Newegg announces a hassle-free GPU trade-in program

Selection of graphics cards on a multicoloured background
(Image credit: Future)

If you're based in the US and you're in the market for a new GPU, Newegg has a GPU trade-in program that might be of interest to you. It's a way to grab yourself a credit towards a new card, with the additional benefit of reducing electronic waste. Well, on paper anyway. It's not like your 'old' RTX 30-series graphics card can really be considered e-waste.

The idea looks good initially. After you add a new card to your cart, you'll get an option to enter the make of your old GPU and its condition. Only RTX 20-series and RX 5000-series cards and newer are accepted. You'll be asked to pay the full price for the new card, and after buying it, Newegg will cover the cost of shipping the old card with a prepaid UPS shipping label. After it receives the card, checks it and approves, Newegg will give you a credit. If not, Newegg will send the card back without a credit.

Sounds good? But before you go and add that speedy new RTX 4090 to your cart, we need to tell you that the prices Newegg is offering for your old card are not great—to put it mildly. The full list can be seen in the link in the opening paragraph.

For example, if you were to trade in your RTX 3090 Ti, Newegg will give you a rather paltry $561 for it. That's not great at all when you consider a second hand RTX 3090 Ti on eBay sells for $800 to $900.

Some of Newegg's prices are a little better, though not by much. The RTX 3060 Ti can be found on eBay for around $240, while Newegg's trade-in price is $176. Don't go thinking AMD's prices are any better. Newegg will give you $293 for a Radeon RX 6800 XT, while on eBay, you can get over $400 for one.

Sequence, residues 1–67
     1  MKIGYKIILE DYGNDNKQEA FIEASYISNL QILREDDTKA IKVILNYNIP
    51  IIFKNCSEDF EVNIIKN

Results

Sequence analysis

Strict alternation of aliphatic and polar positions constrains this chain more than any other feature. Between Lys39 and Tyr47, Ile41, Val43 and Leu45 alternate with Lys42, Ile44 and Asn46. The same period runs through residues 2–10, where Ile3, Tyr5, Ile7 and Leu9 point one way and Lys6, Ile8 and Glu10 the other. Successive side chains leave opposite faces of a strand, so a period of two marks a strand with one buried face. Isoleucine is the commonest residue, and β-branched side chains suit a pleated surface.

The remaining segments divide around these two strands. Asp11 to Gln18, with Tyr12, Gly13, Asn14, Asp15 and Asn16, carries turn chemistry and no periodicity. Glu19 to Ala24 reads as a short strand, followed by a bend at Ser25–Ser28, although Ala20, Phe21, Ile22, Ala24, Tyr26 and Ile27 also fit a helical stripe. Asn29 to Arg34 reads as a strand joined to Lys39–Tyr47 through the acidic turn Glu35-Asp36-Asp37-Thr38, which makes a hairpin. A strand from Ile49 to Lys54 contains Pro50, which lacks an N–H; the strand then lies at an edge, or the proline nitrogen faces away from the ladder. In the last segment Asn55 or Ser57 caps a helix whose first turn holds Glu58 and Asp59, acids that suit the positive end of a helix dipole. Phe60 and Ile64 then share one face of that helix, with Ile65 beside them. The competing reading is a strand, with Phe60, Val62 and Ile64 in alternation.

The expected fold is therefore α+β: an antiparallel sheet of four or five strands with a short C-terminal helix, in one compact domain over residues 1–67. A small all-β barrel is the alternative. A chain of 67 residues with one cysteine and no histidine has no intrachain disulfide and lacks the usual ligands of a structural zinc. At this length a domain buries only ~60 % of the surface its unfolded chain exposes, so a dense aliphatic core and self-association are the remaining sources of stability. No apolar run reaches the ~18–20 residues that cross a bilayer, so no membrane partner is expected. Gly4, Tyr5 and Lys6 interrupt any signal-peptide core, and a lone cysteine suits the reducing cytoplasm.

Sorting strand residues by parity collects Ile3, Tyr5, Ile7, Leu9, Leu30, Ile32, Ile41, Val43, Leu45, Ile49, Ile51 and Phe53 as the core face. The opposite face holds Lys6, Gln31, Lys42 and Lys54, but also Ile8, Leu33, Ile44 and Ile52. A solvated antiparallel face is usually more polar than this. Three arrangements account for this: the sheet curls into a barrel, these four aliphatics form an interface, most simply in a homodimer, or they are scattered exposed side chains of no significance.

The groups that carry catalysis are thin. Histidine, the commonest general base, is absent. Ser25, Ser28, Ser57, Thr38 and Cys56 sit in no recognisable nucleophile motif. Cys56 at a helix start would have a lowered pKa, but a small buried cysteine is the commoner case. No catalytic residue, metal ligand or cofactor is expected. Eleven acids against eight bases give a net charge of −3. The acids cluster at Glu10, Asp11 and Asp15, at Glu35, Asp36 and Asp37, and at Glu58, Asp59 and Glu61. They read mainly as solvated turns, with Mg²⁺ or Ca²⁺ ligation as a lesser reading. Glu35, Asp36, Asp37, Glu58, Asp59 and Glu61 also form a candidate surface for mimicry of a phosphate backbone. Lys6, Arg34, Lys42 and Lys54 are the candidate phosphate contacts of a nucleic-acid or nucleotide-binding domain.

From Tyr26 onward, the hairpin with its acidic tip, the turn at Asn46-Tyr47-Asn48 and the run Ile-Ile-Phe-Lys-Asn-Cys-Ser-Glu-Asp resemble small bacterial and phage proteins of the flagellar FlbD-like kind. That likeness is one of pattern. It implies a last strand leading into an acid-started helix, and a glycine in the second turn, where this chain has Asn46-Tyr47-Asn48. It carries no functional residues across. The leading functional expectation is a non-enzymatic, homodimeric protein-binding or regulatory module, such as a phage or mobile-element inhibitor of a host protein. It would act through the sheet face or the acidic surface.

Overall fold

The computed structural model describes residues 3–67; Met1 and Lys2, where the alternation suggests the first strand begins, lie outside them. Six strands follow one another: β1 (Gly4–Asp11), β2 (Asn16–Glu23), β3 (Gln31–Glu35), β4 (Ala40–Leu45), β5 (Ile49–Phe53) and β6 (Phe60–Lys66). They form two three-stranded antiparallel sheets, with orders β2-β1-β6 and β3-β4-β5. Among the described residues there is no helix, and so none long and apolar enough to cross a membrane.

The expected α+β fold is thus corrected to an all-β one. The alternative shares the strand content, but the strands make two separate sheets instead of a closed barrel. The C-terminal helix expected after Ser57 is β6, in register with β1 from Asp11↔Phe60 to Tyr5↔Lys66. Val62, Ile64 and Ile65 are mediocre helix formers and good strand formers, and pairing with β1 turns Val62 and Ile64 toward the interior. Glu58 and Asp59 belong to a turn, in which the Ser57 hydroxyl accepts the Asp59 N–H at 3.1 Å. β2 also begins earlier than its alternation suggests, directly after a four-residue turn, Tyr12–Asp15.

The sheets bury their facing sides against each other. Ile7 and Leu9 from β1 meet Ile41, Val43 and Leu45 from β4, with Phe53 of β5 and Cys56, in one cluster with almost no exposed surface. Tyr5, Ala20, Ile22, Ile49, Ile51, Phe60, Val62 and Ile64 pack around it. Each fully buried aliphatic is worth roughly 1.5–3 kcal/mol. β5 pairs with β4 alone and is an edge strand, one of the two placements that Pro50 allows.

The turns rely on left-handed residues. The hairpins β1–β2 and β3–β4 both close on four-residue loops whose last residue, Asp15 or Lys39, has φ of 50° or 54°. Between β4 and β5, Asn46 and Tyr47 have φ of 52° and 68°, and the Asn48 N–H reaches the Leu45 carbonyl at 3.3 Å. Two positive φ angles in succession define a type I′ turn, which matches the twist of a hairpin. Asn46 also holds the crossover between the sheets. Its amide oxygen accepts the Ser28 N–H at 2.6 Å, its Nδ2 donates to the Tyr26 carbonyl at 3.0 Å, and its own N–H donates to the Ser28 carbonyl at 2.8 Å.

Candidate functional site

Your next upgrade

Nvidia RTX 4070 and RTX 3080 Founders Edition graphics cards

(Image credit: Future)

Best CPU for gaming: The top chips from Intel and AMD.
Best gaming motherboard: The right boards.
Best graphics card: Your perfect pixel-pusher awaits.
Best SSD for gaming: Get into the game ahead of the rest.

It's a good program for customers looking for a hassle-free option instead of dealing with a second hand marketplace, which can incur fees, shipping costs and force you to deal with a stranger—which doesn't always go smoothly. If you can stomach not getting the maximum dollar value for your old GPU, it's something that could appeal. Effectively, Newegg takes care of the risk.

Newegg will obviously test returned GPUs and re-sell them, making a handy profit in the process. 

This trade-in program looks like it'll be lucrative for Newegg, but not so much for a gamer looking for an upgrade. But hey, at least your old card won't end up as e-waste, right?

Chris Szewczyk
Hardware Writer

Chris' gaming experiences go back to the mid-nineties when he conned his parents into buying an 'educational PC' that was conveniently overpowered to play Doom and Tie Fighter. He developed a love of extreme overclocking that destroyed his savings despite the cheaper hardware on offer via his job at a PC store. To afford more LN2 he began moonlighting as a reviewer for VR-Zone before jumping the fence to work for MSI Australia. Since then, he's gone back to journalism, enthusiastically reviewing the latest and greatest components for PC & Tech Authority, PC Powerplay and currently Australian Personal Computer magazine and PC Gamer. Chris still puts far too many hours into Borderlands 3, always striving to become a more efficient killer.